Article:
The aircraft may not return to service until the New Year, says Travel Weekly’s Ian Taylor
The Boeing 737 Max may not return to service until the New Year as a list of issues requiring resolution continues to grow following two fatal crashes.
Boeing revealed last week that it had taken a $4.9 billion hit on the aircraft in the three months to June.
It reported a quarterly loss of $2.94 billion – a $5-billion-plus reversal on the same period in 2018. But that is just the start.
The US aircraft maker noted it may have to halt production of the Max if the aircraft remains grounded, as looks increasingly likely.
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Leisure travel group Tui put the cost of the grounding at £3 billion a month per aircraft in its most recent update, so we can do the maths.
Based on this figure, a leading aviation analyst calculated the collective cost to carriers would run to £16 billion if the Max returns to flying by December.
He expressed doubt the aircraft would be back in service by then and told Travel Weekly: “The airlines will want the money.”
Boeing’s figure of $4.9 billion for April to June is a little lower but would still take the bill close to $15 billion. However, it excludes the cost of an increasing number of missed deliveries over the second half of the year.
The 737 Max was grounded in March after the second of the two crashes in which 346 passengers and crew died.
An Ethiopian Airlines aircraft went down on March 10 soon after take-off from Addis Ababa less than five months after a Lion Air 737 Max crashed in similar circumstances after take-off from Jakarta.
Both crashes were attributed in part to the malfunction of an automated anti-stall system which appeared to lack adequate warning lights and about which pilots appeared not fully informed.
Ryanair announced last week that it would prune plans to increase capacity for summer 2020 because of the delay in Max deliveries.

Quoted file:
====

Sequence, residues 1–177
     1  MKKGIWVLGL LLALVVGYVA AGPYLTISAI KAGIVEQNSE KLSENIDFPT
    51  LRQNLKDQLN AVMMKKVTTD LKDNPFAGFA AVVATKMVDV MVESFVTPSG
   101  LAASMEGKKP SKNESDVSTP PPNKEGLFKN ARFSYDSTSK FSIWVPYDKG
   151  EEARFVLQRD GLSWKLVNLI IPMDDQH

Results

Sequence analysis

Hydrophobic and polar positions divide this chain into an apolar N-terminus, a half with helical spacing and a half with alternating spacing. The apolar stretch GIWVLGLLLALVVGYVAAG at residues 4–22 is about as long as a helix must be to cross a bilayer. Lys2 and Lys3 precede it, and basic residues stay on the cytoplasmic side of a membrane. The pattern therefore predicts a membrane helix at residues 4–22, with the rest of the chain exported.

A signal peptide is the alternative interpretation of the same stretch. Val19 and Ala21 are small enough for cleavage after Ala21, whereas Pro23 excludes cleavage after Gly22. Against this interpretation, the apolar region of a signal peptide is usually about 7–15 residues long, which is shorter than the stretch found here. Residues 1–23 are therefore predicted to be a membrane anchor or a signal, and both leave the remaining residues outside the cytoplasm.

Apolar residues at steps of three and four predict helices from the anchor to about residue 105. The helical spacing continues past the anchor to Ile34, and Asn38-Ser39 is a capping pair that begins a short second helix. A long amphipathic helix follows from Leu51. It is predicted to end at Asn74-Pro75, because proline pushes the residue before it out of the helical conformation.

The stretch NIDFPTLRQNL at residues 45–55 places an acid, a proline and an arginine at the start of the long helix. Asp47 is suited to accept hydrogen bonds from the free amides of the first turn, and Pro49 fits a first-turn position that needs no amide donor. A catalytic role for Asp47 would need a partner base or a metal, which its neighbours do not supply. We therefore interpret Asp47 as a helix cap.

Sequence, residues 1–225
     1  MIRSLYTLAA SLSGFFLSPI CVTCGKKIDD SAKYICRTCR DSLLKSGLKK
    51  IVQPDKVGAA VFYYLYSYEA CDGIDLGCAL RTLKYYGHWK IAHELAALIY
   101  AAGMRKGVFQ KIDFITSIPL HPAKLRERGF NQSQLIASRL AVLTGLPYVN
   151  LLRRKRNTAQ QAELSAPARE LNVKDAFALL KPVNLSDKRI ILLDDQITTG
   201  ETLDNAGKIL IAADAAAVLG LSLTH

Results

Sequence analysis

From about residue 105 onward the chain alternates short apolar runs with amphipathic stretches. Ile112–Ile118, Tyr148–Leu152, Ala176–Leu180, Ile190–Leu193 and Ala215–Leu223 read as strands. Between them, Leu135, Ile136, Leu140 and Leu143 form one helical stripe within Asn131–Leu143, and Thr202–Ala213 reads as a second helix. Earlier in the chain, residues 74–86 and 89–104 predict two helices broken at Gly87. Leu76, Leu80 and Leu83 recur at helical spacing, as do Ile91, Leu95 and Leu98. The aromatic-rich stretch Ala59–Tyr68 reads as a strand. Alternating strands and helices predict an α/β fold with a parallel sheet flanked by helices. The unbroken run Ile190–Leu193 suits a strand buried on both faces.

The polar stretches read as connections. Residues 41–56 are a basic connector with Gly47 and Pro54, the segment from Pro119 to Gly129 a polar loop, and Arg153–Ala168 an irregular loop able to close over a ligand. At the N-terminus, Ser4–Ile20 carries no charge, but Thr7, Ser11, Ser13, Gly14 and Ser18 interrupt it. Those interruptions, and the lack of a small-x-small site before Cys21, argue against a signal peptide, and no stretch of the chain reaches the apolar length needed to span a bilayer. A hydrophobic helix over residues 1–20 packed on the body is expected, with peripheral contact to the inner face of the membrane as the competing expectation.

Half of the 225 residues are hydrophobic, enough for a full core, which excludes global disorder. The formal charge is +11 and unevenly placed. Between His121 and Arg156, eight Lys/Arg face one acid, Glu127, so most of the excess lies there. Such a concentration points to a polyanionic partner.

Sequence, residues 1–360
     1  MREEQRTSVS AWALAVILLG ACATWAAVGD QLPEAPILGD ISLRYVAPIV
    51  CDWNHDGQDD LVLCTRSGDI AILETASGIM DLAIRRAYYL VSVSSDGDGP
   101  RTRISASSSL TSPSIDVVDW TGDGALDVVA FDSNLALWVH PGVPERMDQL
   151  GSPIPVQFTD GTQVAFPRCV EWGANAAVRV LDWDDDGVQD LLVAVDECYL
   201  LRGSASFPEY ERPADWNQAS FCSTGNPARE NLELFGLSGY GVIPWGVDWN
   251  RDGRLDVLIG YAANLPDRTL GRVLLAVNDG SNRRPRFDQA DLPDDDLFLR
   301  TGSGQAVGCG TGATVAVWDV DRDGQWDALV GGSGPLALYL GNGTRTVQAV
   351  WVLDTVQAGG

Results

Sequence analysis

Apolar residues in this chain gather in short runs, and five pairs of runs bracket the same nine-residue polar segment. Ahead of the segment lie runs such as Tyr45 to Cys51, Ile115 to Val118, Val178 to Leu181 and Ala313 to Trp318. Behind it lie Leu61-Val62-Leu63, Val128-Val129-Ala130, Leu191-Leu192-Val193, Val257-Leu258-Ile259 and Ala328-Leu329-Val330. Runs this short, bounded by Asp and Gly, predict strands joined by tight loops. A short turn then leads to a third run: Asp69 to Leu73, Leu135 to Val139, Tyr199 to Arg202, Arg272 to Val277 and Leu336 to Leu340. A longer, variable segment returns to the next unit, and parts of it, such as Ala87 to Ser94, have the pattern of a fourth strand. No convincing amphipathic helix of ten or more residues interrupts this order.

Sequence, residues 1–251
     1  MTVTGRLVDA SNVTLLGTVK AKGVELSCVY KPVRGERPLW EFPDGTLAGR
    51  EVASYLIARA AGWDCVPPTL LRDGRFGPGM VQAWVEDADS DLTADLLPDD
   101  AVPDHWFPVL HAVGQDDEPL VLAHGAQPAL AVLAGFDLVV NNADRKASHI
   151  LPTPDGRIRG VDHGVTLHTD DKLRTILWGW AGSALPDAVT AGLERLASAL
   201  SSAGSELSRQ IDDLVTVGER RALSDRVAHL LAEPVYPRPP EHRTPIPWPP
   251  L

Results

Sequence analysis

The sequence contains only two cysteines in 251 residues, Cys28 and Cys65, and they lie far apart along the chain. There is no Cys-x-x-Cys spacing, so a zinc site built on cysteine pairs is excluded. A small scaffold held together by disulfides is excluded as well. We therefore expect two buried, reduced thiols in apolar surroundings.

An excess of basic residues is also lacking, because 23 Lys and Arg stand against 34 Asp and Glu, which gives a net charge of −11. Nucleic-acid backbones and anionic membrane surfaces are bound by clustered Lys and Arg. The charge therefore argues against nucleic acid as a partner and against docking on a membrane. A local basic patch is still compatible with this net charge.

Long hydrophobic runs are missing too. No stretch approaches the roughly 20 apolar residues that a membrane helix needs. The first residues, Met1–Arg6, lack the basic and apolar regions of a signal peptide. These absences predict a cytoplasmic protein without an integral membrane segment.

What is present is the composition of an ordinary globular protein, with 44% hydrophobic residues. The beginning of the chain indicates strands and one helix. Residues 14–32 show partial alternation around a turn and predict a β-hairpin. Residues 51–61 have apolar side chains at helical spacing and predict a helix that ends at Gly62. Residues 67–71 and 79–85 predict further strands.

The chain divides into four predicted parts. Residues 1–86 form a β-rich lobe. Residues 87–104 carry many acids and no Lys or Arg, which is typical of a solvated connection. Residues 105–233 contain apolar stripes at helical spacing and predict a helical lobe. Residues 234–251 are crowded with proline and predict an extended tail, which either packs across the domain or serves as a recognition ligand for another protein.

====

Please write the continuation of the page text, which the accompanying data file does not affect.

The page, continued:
Chief executive Michael O’Leary noted Boeing’s hope for a return to service soon after the manufacturer submits a Max recertification package to regulators in September but declared it “prudent to plan for that date to slip by some months”.
Boeing stuck to a somewhat vague September timetable this week. Chief executive Dennis Muilenburg said the “final certification package” would be submitted to the US Federal Aviation Administration (FAA) “somewhere in the September timeframe”.
That seems fanciful and other airlines clearly agree with O’Leary. American Airlines confirmed the cancellation of its Max services up to November last week.
This week, Southwest Airlines announced it had removed the Max from its schedules until January.
‘Regulators keep finding new problems’
US carriers are looking to the FAA to signal the Max’s return. But it is not just down to the US regulator.
The European Aviation Safety Agency (EASA) has issued Boeing with a list of issues it wants resolved before it allows the aircraft back into the skies above Europe.
These relate not just to the anti-stall system on the aircraft. They include a flaw in the flight control system, concerns about the way the autopilot engages, difficulties pilots have encountered in using an emergency manual crank to change the aircraft’s nose angle and a flaw in the 737 Max flight simulator.
EASA also wants changes to crew procedures on the aircraft.
Bear in mind that Boeing has been working on the software update for the anti-stall system since late last year and had previously said it would have all the paperwork for a fix to the FAA by March.
Saudi Arabian airline Flyadeal became the first carrier to cancel an order for the 737 Max this month – switching a $5.9 billion order for up to 50 aircraft announced last December to Airbus.
Meantime, the New York Times reported: “Boeing and regulators keep finding new problems with the model.” The newspaper suggested: “It could be 2020 before the Max flies again.”
News agency Bloomberg agreed, reporting: “Regulators view a 2020 return as more realistic.”
Just about the only good news for Boeing and Max airline customers this week was the announcement that the US Senate had confirmed the appointment of a new head of the FAA.
The US regulator has had an acting administrator since January 2018. Ex-Delta Air Lines executive Stephen Dickson was confirmed in the post on Wednesday.
US airlines body Airlines for America welcomed the appointment, hailing Dickson as “uniquely qualified to lead the FAA”.
US pilots appeared less enamoured and Democratic senators opposed Dickson’s confirmation citing a lawsuit filed by a Delta pilot which alleges Dickson – former Delta vice president for flight operations – was involved in an attempted victimisation of a pilot who reported safety concerns.
The FAA could therefore be under scrutiny while the costs keep mounting for Boeing. The end most definitely does not appear in sight on the 737 Max.
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